In contrast, crime families, while hardly immune to betrayals, enjoy lower costs of doing business. A chapter in Risky Transactions called "Mafia and Blood Symbolism" by University of Amsterdam anthropologist Anton Blok provides detailed family trees showing the genealogical links uniting Sicilian and American mob families like the Gambinos, Spatolas, and di Maggios. He quotes another expert as saying:
"These ties allowed greater flexibility and safety. In the relationships between [Sicilian] Mafioso organizers and the Italo-American gangs receiving the merchandise [heroin], where there is mutual trust over time, it is possible for one courier to arrive from America with the money while the merchandise itself is entrusted to another courier. Since no such privileged bonds existed between Sicilians and Middle Eastern suppliers, importing was a more cumbersome operation."
Salter points out an important concomitant to the risky transaction theory: the dividing lines between ethnic freedom fighters, gangsters, and terrorists can be awfully blurry. This has repeatedly tripped up American thinking foreign policy.
For example, in 1999 we bombed Serbia flat to rescue the heroic Kosovo Liberation Army They then rewarded us by reverting back to the ancient Albanian trades of international smuggling, fencing, and pimping. Soon, KLA gangsters were subverting our ally, the fragile democracy of Macedonia.
The National Post of Toronto reported:
"'Kosovo Albanians make the perfect mafia—even better than the Sicilians,' said Marko Nicovic, vice-president of the New York-based International Narcotics Enforcement Agency. 'They are a small ethnic group made up of clans or families that have very close to family relations. The brotherhood, or Fic, is impenetrable by outsiders. It is difficult to find translators to work with police and impossible to get an informer or agent inside the organizations.'"
The intense kin ties that make for effective rebels, mobsters, and fanatics are most often found where government is ineffective or illegitimate or both. These are places where you need your extended family's muscle to survive, because the police are either predators or feckless.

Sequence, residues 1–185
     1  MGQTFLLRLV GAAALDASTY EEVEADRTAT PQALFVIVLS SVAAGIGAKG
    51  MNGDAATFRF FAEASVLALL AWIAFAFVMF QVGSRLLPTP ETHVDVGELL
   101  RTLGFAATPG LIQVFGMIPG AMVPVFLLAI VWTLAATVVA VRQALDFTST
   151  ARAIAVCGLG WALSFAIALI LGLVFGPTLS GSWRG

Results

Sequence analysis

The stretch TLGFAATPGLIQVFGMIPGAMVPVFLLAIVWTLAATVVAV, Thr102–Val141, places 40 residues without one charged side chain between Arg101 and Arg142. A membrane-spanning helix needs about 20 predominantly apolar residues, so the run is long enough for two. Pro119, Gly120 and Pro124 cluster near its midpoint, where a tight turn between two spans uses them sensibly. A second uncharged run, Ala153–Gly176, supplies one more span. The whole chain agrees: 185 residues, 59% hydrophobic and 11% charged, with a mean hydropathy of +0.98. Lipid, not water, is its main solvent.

Of course, there's a chicken or egg issue here: strong and just governments are also hard to establish and maintain among populations whose extended family structures are conducive to mafia activities.
This might be especially true where inbreeding is common. And inbreeding is extremely common from Morocco to parts of India. For example, half the married people in Iraq are married to either a first or second cousin (versus less than 1% in the U.S.). "Consanguineous" marriage intensifies family loyalty. If you arrange for your daughter to marry your brother's son, your grandson will also be your brother's grandson and heir, so there's no need to fight over who inherits the family land or herd.
On the other hand, cousin marriage undermines loyalty to the state and society, which is one reason why Middle Eastern countries teeter between anarchy and tyranny.
Thus, the world's refugees tend to come from failed states like Somalia and Yugoslavia that have been torn apart by battling ethnic clans. These refugees tend to gravitate toward homogenous northern regions like Sweden and Lewiston, Maine, where they can exploit the high levels of welfare offered by compassionate citizenries who didn't anticipate the refugees' Hobbesian worldview.
Salter points out that ethnic mafias especially flourish when totalitarian regimes collapse, as in the Soviet Union and Albania. Totalitarian regimes destroyed most of the non-family associations of civil society (such as corporations, labor unions, and political parties). The form of organization that survives is the basic biological one of kinship.
All this suggests that we ought to be preparing for the some unwanted side-effects of liberating Iraq.
For instance, it's likely that new and even more virulent refugee mafias will emerge out of Iraq's countless ethnic groups. How about the Lucifer-worshipping Yezidis?
You heard it here first.